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From Keenan Hall to Jake Gyllenhaal

Marissa Frobes | Wednesday, December 1, 2010

Jamie Reidy is an acclaimed author, whose memoir “Hard Sell: The Evolution of a Viagra Salesman” catalyzed the creation of the new film “Love and Other Drugs.” In the film, Jake Gyllenhaal portrays Jamie, and Anne Hathaway stars as his fictional love interest.

Reidy is a 1992 graduate of Notre Dame with a degree in English. After serving in the United States Army (he was in ROTC at Notre Dame), he took up employment as a pharmaceutical sales representative for Pfizer, a job he quickly learned to manipulate. Reidy managed to only work 15 hours per week but also become the No. 1 sales representative in the country, peddling drugs of all kind, most notably the 1990s wonder drug, Viagra.

Reidy was “always interested in writing,” and it was selling Viagra that gave him an initiative to start. In 2005, “Hard Sell” was published by Andrews McMeel Publishing. Reidy snagged the book deal without an agent.

The Observer interviewed Reidy about the “Evolution” of his life from a salesman to a screenwriter.

What made you decide to write “Hard Sell?”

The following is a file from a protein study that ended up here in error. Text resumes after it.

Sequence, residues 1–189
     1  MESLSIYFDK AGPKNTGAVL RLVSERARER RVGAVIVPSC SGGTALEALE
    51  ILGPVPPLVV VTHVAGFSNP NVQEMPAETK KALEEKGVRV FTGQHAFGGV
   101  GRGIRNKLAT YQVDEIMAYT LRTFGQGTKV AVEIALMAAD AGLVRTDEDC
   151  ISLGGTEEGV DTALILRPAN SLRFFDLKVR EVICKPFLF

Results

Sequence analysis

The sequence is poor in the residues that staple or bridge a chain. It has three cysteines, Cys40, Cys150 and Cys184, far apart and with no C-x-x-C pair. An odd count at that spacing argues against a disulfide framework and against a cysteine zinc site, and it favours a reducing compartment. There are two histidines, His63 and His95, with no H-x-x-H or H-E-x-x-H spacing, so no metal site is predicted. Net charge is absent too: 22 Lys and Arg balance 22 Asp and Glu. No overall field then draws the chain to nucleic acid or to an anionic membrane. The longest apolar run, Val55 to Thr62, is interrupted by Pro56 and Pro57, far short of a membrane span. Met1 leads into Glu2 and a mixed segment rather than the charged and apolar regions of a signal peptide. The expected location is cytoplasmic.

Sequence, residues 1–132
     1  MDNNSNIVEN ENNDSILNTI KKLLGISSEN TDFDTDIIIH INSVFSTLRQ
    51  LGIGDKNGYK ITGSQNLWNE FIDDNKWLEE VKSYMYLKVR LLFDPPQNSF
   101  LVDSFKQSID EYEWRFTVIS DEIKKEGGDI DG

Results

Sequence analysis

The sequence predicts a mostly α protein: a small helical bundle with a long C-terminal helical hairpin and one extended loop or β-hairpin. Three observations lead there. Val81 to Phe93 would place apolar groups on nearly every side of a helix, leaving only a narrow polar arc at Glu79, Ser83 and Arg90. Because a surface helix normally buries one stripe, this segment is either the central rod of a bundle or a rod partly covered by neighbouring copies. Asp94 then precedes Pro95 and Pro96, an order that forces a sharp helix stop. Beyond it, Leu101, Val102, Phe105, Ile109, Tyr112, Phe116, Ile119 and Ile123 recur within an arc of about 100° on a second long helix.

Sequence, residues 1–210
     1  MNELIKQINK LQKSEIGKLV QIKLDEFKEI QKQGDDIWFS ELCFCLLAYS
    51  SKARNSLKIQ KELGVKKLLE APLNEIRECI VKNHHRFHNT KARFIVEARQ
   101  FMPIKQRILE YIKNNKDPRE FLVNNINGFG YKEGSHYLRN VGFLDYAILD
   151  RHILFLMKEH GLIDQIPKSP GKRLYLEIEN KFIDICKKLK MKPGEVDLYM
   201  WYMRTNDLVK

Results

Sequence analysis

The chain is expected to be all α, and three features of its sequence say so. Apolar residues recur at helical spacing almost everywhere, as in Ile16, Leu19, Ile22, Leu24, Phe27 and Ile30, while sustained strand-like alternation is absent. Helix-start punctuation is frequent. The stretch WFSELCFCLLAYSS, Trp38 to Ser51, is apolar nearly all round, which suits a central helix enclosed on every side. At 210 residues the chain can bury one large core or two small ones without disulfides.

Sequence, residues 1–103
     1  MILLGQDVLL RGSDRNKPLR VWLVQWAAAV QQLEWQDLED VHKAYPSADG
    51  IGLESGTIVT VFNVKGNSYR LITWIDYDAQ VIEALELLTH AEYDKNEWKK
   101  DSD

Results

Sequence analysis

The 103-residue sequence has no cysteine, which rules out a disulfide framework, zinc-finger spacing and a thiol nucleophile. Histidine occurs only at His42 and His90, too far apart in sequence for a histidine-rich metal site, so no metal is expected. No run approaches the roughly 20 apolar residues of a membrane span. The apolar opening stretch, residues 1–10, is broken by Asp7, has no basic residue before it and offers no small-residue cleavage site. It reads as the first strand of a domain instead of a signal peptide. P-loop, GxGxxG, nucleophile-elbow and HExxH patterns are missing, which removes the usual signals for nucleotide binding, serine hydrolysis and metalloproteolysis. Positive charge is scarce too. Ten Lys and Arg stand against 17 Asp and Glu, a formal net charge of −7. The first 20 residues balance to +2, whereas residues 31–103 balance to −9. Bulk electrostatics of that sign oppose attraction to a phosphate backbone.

One of my classmates said to me one time, “When are you going to stop talking about [writing] and actually do it?” That was a great question for me, kind of a kick in the pants.

As far as “Hard Sell” goes, when I was working for Pfizer I was working 15 hours a week, but I had this whole elaborate system for making it look like I was working when I wasn’t working. I thought, “I have a lot of funny stories, but you can only write about sleeping late and quitting early so much.” Then, I got promoted to sell Viagra, and Viagra became a pop culture phenomenon — I knew that was my hook. Drug rep: okay good story, but it’s selling the one drug. That was the hook.

Once you got “Hard Sell” published in 2005, you were fired from pharmaceutical company Eli Lilly, where you sold chemotherapy. Do you at all miss your days as a pharmaceutical rep?